Thoughts on the TBR Double Dare

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I’ve read five books from my TBR Double Dare pile, which is great, of course, but what I’ve read has caused me to think about all the other books crammed around the house and how long some of them have been crammed around the house.

You see, with the exception of Drusilla Modjeska’s Stravinsky’s Lunch, the books I nominated for the TBR Double Dare are all relatively recent acquisitions, occurring within the last couple of years, mainly from BookMooch.  There are other books around the house that have been with me for much longer – in some cases, almost twenty years or so.

While I’m pleased to have knocked a few intended books off my list, I feel as though I could take this reading challenge a bit deeper.  In other words, figure out which books have been around the longest and either read ‘em or ditch ‘em according to my level of interest in ‘em.

Three examples:

The Confessions of Aubrey Beardsley by Donald S. Olson

 According to the docket still in this book, I bought it from the Electric Shadows Bookshop in Canberra on 28 February 1995 for the princely sum of $32.90.  I liked the idea of this book – a dramatization of the life of artist Aubrey Beardsley – but I could never find a way into it when I tried to read it.  Am I interested now?  A bit.

Betrayals by Charles Palliser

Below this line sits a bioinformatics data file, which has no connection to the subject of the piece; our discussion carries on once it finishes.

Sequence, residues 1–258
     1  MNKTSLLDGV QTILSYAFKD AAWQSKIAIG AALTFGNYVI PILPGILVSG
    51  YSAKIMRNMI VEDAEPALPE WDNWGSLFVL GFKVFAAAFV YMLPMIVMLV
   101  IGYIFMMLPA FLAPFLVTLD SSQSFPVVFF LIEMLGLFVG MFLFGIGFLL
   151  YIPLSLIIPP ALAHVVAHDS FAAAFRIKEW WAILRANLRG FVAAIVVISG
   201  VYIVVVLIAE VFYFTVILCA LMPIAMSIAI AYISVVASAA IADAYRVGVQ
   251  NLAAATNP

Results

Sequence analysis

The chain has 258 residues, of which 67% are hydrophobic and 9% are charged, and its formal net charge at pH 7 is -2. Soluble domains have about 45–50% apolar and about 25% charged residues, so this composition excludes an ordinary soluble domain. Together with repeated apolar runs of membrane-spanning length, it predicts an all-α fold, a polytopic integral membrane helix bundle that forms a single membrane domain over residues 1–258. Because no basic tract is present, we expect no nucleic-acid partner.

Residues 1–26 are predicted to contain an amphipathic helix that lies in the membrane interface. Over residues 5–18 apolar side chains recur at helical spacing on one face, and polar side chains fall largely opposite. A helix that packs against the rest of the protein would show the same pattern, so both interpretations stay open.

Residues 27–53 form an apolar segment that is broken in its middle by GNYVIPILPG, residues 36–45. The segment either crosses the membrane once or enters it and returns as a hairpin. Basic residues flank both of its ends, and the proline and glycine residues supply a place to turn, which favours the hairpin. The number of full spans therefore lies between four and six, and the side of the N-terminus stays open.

Charles Palliser’s Betrayals has been with me as long as the Donald S. Olson.  I’m put off by the reference to Italo Calvino on the back, who I’ve always thought of as a tricksy post-modernist and while I appreciate tricksy post-modernism, I’m currently more in love with plot and highlighting historical injustices towards women.  Am I interested in this one today?  Not much.

Immortality by Milan Kundera

This last was a present from my dad in 1993 – he inscribed it for me.  I used to like Kundera’s work, particularly The Book of Laughter and Forgetting.  I think I just never got round to reading this one.  Do I want to read it still?  Yes.

It’s only a vague thought at present but I feel as though continuing on with the TBR Double Dare after April and focusing on books like those I’ve mentioned could make a very real and valuable contribution to my TBR pile.  While making me feel incredibly virtuous in the process.

Hmm, worth a thought.  There’s nothing quite like feeling virtuous.

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